Over the shark we go: as promised, Samsung has delivered a 110-inch ultra HDTV. Sure, it's expensive -- custom-only orders start at more than $140,000 -- but by now, we all know the drill. In a few short years, that price will come down, pulled by competition among producers and consumers. (What corporation worthy of the name doesn't want those babies descending from the ceiling, rising from the floor, or decorating the lobby?)
And there's no end in sight when it comes to bigger, better video screens. Ultra HD, also known as 4K TV, can already be yours for much less than six figures. Yes, you'll have to junk your Blu-Ray setup. But you're as obsessed with the latest in high-definition innovation as the rest of us, right?
Not so fast. Don't assume that lower-quality video is as obsolete as your old not-so-flat-screen TV. Think about how we're already used to using the Internet: after explosive innovation in video, image, and animation-rich websites, how do most of us experience the viral web content that drives traffic, wins clicks, monetizes users, and boosts valuation? That's right -- text and GIFs. On our small-screen smartphones.
Yeah, Upworthy's got videos. But how many people watch them for the eye candy? And how many watch them on big screens?
Start pondering the logic, and the market opportunity is obvious: go lo-fi. There's a whole world of merely watchable content out there that consumers would be perfectly happy to stream on the cheap.
And sure enough, we're starting to see the new kids on the web video block doing just that. Netflix (NASDAQ:NFLX), hot off its foray into original programming, is testing out a new plan that gives users a discount for choosing standard definition. For $6.99 a month, Variety reports, select users can choose "only a single stream (one device at a time) and standard-definition video. That's one dollar less than its standard $7.99 monthly package, which offers HD video and streaming to two devices simultaneously."
This is about more than catering to the "older demographic" Merrill Barr identifies at Forbes -- consumers who are used to SD, don't see that $1 worth of value in HD, or don't watch shows on smartphones or tablets. As Sam Thielman points out at AdWeek, ISPs are hiking prices on high-speed Internet, opening the door for bargain DSL accounts. It's narrow-minded to think that anyone who'd rather not pay top dollar for bandwidth or max out on gadgets is a "casual viewer."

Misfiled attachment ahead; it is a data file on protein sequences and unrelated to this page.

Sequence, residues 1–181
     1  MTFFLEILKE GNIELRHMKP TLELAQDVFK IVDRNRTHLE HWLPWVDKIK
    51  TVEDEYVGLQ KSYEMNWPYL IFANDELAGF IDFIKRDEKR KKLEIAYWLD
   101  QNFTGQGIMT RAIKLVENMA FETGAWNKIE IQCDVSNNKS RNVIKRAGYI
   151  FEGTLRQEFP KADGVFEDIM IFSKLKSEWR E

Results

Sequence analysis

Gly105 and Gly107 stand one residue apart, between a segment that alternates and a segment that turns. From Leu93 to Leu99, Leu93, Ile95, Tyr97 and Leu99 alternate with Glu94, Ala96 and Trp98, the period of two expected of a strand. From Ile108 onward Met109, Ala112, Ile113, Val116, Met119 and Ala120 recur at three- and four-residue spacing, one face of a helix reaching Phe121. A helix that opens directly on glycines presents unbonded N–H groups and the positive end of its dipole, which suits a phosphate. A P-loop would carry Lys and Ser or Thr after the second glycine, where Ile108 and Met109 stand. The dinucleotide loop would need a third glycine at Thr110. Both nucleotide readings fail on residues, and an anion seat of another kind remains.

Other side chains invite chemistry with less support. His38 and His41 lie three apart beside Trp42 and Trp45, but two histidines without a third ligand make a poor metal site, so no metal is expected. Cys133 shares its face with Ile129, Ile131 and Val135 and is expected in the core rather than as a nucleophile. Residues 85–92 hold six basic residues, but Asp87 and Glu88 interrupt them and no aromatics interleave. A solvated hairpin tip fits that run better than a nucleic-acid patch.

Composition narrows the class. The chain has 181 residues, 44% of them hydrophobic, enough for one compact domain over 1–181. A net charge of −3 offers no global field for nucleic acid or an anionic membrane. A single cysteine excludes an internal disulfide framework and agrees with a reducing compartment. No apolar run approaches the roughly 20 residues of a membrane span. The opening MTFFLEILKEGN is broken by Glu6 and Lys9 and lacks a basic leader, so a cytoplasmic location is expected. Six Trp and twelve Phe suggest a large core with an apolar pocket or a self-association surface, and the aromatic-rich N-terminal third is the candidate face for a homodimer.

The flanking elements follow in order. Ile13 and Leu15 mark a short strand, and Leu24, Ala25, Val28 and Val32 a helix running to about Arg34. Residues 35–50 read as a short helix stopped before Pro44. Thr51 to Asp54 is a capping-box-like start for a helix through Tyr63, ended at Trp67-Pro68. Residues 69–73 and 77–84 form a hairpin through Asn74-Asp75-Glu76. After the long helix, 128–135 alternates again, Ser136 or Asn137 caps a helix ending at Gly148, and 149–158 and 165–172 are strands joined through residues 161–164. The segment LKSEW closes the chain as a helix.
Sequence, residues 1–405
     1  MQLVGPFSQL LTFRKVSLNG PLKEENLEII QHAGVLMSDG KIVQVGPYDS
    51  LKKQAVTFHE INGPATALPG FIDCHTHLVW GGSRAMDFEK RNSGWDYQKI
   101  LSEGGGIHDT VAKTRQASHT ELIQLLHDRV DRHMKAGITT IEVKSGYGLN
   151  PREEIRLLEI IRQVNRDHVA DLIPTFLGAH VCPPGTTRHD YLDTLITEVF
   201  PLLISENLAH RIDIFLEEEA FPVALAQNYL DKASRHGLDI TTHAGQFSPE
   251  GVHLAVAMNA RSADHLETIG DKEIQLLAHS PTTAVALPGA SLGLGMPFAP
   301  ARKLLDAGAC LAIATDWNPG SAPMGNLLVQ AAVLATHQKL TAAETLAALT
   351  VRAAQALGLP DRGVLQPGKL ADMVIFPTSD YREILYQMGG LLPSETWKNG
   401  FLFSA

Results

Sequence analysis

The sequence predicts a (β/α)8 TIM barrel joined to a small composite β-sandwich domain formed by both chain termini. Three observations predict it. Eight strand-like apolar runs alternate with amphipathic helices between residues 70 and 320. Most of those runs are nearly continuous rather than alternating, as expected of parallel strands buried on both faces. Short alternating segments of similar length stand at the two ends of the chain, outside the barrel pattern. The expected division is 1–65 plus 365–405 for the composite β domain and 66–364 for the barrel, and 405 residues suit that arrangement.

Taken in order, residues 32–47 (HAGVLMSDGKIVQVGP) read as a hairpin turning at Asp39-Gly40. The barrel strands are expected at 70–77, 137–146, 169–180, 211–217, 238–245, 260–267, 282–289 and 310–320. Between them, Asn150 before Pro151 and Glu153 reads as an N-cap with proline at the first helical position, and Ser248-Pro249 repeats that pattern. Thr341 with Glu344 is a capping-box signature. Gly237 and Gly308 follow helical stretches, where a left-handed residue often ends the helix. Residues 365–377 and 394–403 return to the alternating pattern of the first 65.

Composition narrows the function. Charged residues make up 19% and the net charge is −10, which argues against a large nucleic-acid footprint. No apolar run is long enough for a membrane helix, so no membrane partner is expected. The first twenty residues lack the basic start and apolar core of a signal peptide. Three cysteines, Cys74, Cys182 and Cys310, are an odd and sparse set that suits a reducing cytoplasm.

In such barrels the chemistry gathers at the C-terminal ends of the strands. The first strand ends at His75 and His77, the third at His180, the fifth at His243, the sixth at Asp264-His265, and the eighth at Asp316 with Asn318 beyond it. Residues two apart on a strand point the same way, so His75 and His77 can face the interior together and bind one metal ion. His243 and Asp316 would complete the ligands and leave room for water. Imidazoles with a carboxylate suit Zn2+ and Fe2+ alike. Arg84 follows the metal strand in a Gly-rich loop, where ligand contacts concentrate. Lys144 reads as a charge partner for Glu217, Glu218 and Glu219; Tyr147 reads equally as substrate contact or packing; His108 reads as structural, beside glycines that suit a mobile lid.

Serious viewers might well choose to marathon a '70s-era BBC miniseries, The Wire, or a Netflix original series -- on a small screen, and on SD. We've known for years that standard definition looks pretty much the same as HD on your tablet device. As one CNET writer observed back in 2011, "the iPad's square-ish screen has a 4:3 aspect ratio, meaning if you maintain a movie's 16:9 aspect ratio (meaning, you don't zoom in), you're getting an effective resolution of 1,024 x 576 pixels -- barely higher than what you get from an SD movie (which is upscaled to fill the available screen estate)." Plus, plenty of mobile devices still in circulation can't even utilize Netflix's upgrade to Ultra HD.
So why shouldn't Netflix take the same diverse approach as their subscribers? They could stand to save some money on bandwidth, too. A growing subscriber base does want the 4K experience Netflix is hard at work trying to stream over broadband without painful buffering. Anything that smooths that process along is a plus.
On a per-view basis, opting for HD is only a few dollars more than SD. But, all told, enough people watch a lot of video content -- and enough people are looking for an effective way to do it on a budget -- that we shouldn't be surprised to see the lo-fi market take off and expand.
Think about it like coffee. A decade ago, it seemed like Starbucks was as upsold as coffee could get. Now, the "third wave" of boutique coffee purveyors has pushed Starbucks to cater to even more particular tastes. And the market for cheap coffee isn't going anywhere.
Coffee is currently plentiful and cheap -- much like plenty of popular video content will continue to be. The epic failure of 3D TV should remind us: with high enough production values, more of us will come to realize that most of the time we watch, we're OK with something far less eye-popping than even HDTV provides. In fact, we might even prefer it.
Businesses learned a harsh, if now intuitive, lesson from the 3D TV debacle. Today, companies involved in content are key to ensuring a 4K rollout that minimizes the risk of a 3D-sized flop. Those firms, including Netflix, know that innovations in 2D video deliver a qualitatively different viewing experience. But they can also understand that for millions of customers, the definitive viewing experience isn't related to quality of picture but quality of programming. Sometimes technology still has to take a back seat to art.